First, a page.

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Fishing the Multi-Species Option

By Jerry Carlson - July 6, 2020
There are days when my fishing efforts revolve around targeting one species of fish. On these outings, I may pick a bass lake or walleye water, or maybe even look for panfish. However, there are those times, especially when I am taking less experienced anglers, that I opt for the multi-species approach.

Not every lake is a good multi-species option. My number one requirement for a quality multi-species lake is one with a distinct deep weedline.

This nice northern bit a slow death spinner rig fished on the deep weedline.
I have always believed that a good deep weedline is the interstate of the underwater world. It will hold all of the major species of fish in a lake at some point in time. Bass, northern, walleye and larger panfish will all frequent this very important edge.

When it comes to targeting multi-species on the deep weedline, there are several choices. A basic option is to use live bait.

Back in the days when I did a lot of guiding, one of my favorite techniques was to troll small sucker minnows on floating jigheads just outside the deep weedline. Sucker minnows, especially small ones, are a delicacy for predator fish. Everything wants to eat them.

I always used a bit heavier mono leader on my floating jighead snells to offset the sharp teeth of northern. It wasn't 100% effective but it did help combat the cutting edge of their teeth without deterring to many of the other species we wanted to catch.

Bass will readily eat small sucker minnows trolled along the deep weed edge.
One other advantage to small sucker minnows was to reduce the pecking action of sunfish that is encountered when using leeches or crawlers.

Another option for deep weedline fishing is slow death. In order to give it more of a multi-species appeal, I like to add the tail of a plastic worm to the hook instead of a plain crawler. The plastic is durable and will attract bites just as it is.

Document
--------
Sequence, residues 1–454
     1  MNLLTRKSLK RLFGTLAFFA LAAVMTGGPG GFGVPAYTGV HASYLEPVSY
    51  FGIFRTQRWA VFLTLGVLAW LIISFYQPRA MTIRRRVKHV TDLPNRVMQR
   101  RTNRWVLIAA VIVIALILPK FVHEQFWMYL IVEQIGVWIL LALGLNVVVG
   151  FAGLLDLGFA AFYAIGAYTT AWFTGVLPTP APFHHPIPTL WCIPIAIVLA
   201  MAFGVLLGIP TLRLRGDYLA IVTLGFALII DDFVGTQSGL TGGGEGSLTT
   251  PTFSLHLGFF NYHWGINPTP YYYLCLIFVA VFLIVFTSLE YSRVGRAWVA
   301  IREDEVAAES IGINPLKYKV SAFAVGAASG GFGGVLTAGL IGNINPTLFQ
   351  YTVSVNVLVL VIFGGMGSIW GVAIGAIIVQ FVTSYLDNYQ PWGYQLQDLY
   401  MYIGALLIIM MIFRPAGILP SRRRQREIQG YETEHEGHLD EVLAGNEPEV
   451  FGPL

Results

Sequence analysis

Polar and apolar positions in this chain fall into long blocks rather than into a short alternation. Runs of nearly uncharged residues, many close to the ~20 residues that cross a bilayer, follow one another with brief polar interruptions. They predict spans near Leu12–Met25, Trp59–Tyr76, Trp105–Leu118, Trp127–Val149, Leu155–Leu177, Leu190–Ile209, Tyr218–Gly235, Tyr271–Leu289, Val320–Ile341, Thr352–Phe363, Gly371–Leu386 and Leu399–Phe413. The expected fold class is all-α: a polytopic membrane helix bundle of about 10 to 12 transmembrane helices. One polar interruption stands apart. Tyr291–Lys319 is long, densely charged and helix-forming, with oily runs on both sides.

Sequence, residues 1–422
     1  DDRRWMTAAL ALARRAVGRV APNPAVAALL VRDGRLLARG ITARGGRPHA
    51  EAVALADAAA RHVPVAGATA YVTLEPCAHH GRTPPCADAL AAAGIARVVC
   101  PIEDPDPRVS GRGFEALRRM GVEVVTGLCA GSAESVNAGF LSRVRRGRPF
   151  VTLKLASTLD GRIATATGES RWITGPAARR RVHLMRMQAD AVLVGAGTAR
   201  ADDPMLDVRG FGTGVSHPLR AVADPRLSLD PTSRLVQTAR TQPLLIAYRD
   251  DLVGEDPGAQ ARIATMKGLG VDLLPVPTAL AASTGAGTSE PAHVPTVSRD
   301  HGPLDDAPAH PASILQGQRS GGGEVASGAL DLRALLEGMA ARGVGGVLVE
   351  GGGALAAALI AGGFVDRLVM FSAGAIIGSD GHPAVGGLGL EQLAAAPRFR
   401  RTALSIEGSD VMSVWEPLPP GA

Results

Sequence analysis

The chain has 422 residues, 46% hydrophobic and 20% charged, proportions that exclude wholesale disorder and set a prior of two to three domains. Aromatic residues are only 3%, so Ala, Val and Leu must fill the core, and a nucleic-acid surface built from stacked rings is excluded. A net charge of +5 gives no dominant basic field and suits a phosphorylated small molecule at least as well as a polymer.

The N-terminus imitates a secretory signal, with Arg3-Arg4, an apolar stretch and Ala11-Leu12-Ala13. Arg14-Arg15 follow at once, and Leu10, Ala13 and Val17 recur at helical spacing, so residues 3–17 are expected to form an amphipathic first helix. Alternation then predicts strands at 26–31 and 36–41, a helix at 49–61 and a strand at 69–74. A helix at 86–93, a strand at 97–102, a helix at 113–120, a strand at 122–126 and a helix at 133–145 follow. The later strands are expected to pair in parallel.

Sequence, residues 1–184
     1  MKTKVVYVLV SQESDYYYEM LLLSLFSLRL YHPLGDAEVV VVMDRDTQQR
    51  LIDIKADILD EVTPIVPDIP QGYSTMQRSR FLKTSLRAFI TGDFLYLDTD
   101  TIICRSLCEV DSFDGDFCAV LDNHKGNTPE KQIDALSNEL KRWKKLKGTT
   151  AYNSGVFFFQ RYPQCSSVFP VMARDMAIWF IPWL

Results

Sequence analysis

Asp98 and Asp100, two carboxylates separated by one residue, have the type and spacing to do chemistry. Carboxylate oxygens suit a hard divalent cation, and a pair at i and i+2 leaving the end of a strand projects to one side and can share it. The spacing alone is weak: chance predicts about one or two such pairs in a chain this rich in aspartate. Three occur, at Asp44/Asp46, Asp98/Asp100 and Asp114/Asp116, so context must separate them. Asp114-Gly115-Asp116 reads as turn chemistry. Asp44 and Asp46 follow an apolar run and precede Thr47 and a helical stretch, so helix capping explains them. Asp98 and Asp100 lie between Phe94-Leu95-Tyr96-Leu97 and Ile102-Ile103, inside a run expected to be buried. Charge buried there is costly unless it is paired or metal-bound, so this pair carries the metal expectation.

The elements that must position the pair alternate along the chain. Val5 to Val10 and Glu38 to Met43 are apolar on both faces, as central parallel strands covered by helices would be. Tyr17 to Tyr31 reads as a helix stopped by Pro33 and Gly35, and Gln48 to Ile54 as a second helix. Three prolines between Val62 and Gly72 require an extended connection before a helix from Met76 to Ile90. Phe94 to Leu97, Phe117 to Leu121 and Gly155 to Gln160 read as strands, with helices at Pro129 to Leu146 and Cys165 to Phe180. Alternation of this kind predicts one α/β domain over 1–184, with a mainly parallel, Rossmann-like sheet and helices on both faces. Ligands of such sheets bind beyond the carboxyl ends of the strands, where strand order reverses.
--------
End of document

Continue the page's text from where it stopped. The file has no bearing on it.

In order to increase the appeal of the spinning plastic, I will often add some form of live bait. A chunk of crawler, a leech or even a small minnow will make this simple but effective presentation more tantalizing.

When going with something totally artificial, I always have the jigworm as my first choice. When worked along the deep weedline, the jigworm will attract the attention of many fish species. If the deep weedline is at a reasonable depth, I will even troll this combo along the edge using a subtle hopping action.

My wife, Colette, used a jigworm to entice this weedline bass.
When looking for a place to use the multi-species approach, I focus on structure such as points, mid-lake humps and sharp breaks. It won't take long to figure out where the active fish are residing.

The deep weedline approach for multi-species fishing is a perfect option for late summer. With the weed growth at its peak and the annual fish migration to deep water complete, there are plenty of hungry customers lurking on this edge.

On days when a tug on the line is the most important consideration, the multi-species, deep weedline approach is the way to go.

Author Jerry Carlson
Jerry Carlson
Jerry started his outdoor career in 1987 when he began writing for Outdoors Weekly. He currently writes about a 130 articles a year for various publications in the Midwest. In addition to writing and giving numerous hunting and fishing seminars, Jerry does weekly radio shows on two St. Cloud, Minnesota stations; WJON and WWJO. He also authored a book called Details for Locating and Catching Fish. Hunting and fishing photos and articles written by Jerry, along with his email address, can be found at jerrycarlsonoutdoors.com. Jerry fishes all species but prefers crappies in the winter and bass in the summer. He also loves to hunt Canada geese in the fall.
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